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The fact that social problems cluster in space is not new. Spatial clustering of social problems has been described for several issues such as low educational achievement, crime and drug use, among others. One key factor that has been linked to those problems is the geographical concentration of contextual disadvantage. It has been argued that this observed correlation is only to be attributed to the fact that housing and labour markets create incentives for vulnerable people to cluster in space. Some believe that this clustering generates additional effects leading to poorer outcomes that would not have been observed in the absence of spatial clustering. The literature is unclear on the question of whether there is a "neighbourhood effect" of contextual disadvantage on problems like antisocial behaviour, and how this effect might be transmitted. Neighbourhood studies have been subject to persistent methodological and conceptual shortcomings. These may be partly related to the high costs involved in producing new datasets with adequate spatial measures. The availability of datasets with contextual data is scarce, thus many of the published papers on the subject have drawn on a low number of different studies (usually from the US and Europe). Consequently, the possibility to generalize their findings seems to be limited. In addition, the availability of high quality data (e.g. longitudinal datasets) that can help to rule out known methodological problems is even more restricted. In order to contribute to improving the understanding of how contextual characteristics might influence adolescent antisocial behaviour, firstly, a systematic review of longitudinal neighbourhood effects studies was conducted. In the first part of the thesis, results from the review suggest that the evidence supporting the existence of a direct neighbourhood effect of poverty and concentrated disadvantage on antisocial behaviour is mixed. Contextual effects of concentrated disadvantage also seemed to be highly dependent on model specification, whereby most studies finding significant main effects usually failed to include potentially relevant confounders in regression models. Commonly omitted confounders were related to baseline antisocial behaviour, parenting and peer differential association. Furthermore, evidence was generally unsupportive of the idea that neighbourhood level residential instability, neighbourhood disorder and incivility, social capital and collective efficacy or exposure to violence may have a direct effect on antisocial behaviour. Regarding institutional resources, mixed results were found. Some evidence pointed to the idea that "subcultural" variables (e.g. community level tolerance to deviance) may have an effect on reduced individual level violence. At times, it seemed that more complex models regarding how neighbourhood influences may influence behavioural outcomes might be needed. In the second part of the thesis, data from a longitudinal study, representative of the school population of Santiago de Chile, was merged with independent contextual level information (Census tract, schools and police records) and analysed. By examining the case of Santiago de Chile, a series of ideas regarding how contextual characteristics of activity spaces might relate to the growth of antisocial behaviour diversity over time were explored and tested. Specific attention was paid to examine and discuss how contextual effects might operate, in particular, how contextual disadvantage may influence criminogenic processes of strain, social control and contagion (peer effects). In order to test the proposed hypotheses, a series of hierarchical linear growth models were estimated. No evidence supporting the idea that different types of activity spaces (home based or school based activity spaces) may have differential effects on antisocial behaviour was found. However, results suggest that higher levels of contextual concentrated disadvantage across activity spaces significantly predicted a steeper growth of antisocial behaviour diversity over time. In spite of this, no support was found for the existence of a direct contextual effect once other covariates (i.e. baseline antisocial behaviour, strain, family level social control, contagion effects, among others) had been controlled for. The effect of concentrated disadvantage on antisocial behaviour appears to be mainly indirect; that is, mediated by other covariates. Baseline antisocial behaviour and contagion effects (peer effects) seem to play a relevant role in explaining away the effect of contextual concentrated disadvantage on the growth of antisocial behaviour scores over time. Only partial support for the idea that strain indicators may predict growth in antisocial behaviour diversity over time was found. Additionally, mediation analysis suggests that it may seem unlikely that the effect of contextual concentrated disadvantage on antisocial behaviour would be mediated by increased levels of strain. In spite of this, the effect of family level SES on the growth of antisocial behaviour diversity does seem to be partially mediated by some of the measured strain indicators. Measurement limitations (antisocial behaviour scale could only increase or remain stable) made it difficult to interpret some unexpected findings regarding strain effects. Regarding social control variables, evidence suggested that, even though family level monitoring predicts antisocial behaviour, neither parental attachment nor monitoring seemed to mediate the effect of contextual disadvantage on antisocial behaviour. In relation to school level social control, none of the relevant measures (school value added education and school attachment) significantly predicted antisocial behaviour in the fully specified model. Moreover, none of the hypothesized mediation effects held up, after controlling for other covariates. Regarding contagion effects (measured using peer variables), macro level concentration of juveniles with arrest records failed to predict individual level growth in antisocial behaviour diversity over time. Nevertheless, micro level concentration of antisocial peers in school and/or in activity spaces did predict growth in antisocial behaviour diversity. Results on micro level concentration of antisocial peers where subject to multicollinearity problems and thus were assessed separately. The effect of both variables (concentration in schools and concentration in activity spaces) was partially mediated by best friend's antisocial behaviour. Furthermore, concentrated disadvantage and concentration of deviant schoolmates in activity space interacted to predict a stronger relationship between affiliation to deviant peers and antisocial behaviour . Results are consistent with both geographic propinquity and co-offending process. , because of a low ecometric reliability found for "concentration of antisocial peers in activity space", results regarding this variable are regarded as tentative. An explanatory hypothesis of observed effects was proposed. Results may suggest that the effect of contextual disadvantage on antisocial behaviour is mainly indirect. Contextual disadvantage might be regarded as an expression of spatial clustering (social sorting) of low SES families due to housing and other governmental policies. In average, low SES families display poorer parenting skills, which might provide at least a partial explanation as regards to why higher concentration of antisocial peers (in school or activity spaces) and increased baseline antisocial behaviour scores are observed in disadvantaged contexts. In turn, higher concentration of deviant peers may be facilitating contagion effects. Results suggest that effects of concentrated disadvantage on antisocial behaviour might be due to simultaneous occurrence of compositional and contextual effects. Study limitations, policy implications, and recommendations for future research are discussed.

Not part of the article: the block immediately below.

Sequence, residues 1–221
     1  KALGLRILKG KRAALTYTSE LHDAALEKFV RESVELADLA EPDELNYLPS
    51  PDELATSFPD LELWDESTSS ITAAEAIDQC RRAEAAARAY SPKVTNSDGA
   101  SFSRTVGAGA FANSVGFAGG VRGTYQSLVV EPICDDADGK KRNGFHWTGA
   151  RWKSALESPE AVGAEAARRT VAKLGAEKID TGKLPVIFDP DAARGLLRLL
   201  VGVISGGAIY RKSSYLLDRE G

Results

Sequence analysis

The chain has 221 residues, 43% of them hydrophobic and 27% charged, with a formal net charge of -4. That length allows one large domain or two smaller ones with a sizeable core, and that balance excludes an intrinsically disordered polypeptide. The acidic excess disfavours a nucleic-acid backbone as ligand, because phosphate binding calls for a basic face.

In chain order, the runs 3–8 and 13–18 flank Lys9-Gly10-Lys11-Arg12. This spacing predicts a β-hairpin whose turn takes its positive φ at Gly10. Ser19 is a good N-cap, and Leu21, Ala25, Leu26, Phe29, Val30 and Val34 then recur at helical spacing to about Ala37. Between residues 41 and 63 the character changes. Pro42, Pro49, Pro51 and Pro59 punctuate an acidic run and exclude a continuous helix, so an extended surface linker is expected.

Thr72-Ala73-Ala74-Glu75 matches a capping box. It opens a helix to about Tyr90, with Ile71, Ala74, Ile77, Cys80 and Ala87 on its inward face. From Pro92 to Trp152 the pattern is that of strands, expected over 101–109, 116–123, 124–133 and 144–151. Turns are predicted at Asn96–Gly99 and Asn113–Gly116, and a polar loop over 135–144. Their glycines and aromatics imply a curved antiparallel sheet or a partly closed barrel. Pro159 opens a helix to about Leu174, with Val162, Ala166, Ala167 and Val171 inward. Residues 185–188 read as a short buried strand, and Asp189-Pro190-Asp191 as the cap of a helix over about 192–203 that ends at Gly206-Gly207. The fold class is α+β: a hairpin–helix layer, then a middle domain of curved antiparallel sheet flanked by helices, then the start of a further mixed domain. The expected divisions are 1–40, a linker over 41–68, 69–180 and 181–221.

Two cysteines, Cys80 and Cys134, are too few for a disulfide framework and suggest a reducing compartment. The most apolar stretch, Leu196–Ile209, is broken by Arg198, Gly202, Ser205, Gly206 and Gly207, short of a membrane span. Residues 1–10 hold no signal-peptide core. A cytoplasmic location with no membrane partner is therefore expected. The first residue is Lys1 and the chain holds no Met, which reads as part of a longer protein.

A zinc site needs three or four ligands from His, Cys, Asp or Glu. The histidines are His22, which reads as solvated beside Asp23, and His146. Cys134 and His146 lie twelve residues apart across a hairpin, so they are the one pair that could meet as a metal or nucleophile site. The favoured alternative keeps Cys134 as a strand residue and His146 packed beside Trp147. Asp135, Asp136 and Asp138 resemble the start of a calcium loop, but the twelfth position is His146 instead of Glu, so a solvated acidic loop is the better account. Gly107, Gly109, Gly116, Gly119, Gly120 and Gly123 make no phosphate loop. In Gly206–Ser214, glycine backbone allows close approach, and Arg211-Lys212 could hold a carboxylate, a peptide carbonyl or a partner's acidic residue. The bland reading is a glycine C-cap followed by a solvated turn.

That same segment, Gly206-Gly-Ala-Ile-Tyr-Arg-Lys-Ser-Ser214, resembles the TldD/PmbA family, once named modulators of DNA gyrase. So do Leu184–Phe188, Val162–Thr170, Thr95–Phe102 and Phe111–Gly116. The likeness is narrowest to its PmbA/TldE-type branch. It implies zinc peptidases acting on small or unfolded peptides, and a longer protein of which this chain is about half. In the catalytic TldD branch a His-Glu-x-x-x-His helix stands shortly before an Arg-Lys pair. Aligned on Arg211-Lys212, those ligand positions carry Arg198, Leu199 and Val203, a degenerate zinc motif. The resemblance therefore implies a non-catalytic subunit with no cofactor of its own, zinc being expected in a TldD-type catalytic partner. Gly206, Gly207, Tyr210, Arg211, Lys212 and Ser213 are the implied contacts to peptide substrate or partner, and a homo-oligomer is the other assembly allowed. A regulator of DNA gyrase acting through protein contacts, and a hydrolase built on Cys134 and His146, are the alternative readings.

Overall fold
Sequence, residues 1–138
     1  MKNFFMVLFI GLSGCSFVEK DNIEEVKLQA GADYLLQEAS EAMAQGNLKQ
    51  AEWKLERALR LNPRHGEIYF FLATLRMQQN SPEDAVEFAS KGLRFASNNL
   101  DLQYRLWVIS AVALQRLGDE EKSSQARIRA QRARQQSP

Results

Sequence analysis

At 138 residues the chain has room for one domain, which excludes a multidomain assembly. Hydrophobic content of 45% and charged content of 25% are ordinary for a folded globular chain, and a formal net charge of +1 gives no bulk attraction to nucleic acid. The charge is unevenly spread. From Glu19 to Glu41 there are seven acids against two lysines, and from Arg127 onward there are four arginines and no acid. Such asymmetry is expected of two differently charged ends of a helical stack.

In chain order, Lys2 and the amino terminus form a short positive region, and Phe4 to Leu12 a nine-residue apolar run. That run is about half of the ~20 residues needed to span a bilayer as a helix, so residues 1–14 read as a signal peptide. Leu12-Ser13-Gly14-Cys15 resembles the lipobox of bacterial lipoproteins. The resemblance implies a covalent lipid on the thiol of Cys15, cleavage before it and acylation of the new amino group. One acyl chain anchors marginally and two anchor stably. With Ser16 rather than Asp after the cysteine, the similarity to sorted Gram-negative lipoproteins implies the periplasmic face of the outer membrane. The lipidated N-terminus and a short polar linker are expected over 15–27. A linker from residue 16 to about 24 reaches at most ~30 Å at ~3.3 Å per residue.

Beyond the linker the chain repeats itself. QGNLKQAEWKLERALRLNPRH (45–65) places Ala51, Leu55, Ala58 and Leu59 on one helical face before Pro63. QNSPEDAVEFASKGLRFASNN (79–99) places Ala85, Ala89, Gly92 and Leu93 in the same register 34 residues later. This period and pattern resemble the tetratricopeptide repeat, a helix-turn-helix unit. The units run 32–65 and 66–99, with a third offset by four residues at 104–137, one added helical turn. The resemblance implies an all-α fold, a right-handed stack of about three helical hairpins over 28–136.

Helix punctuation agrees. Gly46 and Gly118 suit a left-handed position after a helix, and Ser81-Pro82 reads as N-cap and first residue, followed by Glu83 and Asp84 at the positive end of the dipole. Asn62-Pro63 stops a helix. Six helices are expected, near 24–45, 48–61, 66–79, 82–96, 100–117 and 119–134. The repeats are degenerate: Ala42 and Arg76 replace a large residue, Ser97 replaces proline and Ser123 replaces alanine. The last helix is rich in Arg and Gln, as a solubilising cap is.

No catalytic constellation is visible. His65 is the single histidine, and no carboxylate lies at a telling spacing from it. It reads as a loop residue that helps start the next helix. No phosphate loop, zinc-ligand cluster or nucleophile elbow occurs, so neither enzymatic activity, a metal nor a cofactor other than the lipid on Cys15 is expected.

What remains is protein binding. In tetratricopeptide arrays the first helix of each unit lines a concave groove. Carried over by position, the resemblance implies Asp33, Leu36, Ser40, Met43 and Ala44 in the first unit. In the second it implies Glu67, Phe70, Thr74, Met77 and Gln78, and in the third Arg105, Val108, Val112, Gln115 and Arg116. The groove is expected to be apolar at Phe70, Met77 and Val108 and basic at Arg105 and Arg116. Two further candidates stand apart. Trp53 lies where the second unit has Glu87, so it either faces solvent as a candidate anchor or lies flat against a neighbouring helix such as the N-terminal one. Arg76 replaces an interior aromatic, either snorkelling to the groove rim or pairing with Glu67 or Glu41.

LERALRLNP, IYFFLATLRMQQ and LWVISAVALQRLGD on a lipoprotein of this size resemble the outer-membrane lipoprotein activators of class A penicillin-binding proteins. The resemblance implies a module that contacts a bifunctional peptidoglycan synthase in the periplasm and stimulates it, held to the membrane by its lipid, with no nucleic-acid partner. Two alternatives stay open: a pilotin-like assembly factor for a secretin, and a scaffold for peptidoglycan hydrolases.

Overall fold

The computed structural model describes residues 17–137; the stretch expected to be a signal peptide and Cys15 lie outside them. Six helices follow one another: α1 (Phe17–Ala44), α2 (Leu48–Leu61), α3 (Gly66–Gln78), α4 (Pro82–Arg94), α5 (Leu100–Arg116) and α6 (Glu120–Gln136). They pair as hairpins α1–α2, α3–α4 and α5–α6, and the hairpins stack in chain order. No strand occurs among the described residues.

Supervisor: Gardner, Frances Ellen Mary Sponsor: Becas Chile ; Conicyt
Qualification Name: Thesis (Ph.D.) Qualification Level: Doctoral
EThOS ID:  DOI: Not available
Keywords: Crime--Chile ; Social problems--Chile ; Youth--Chile--Social conditions ; Juvenile delinquency--Chile ; Urbanization--Social aspects ; Santiago (Chile)--Social conditions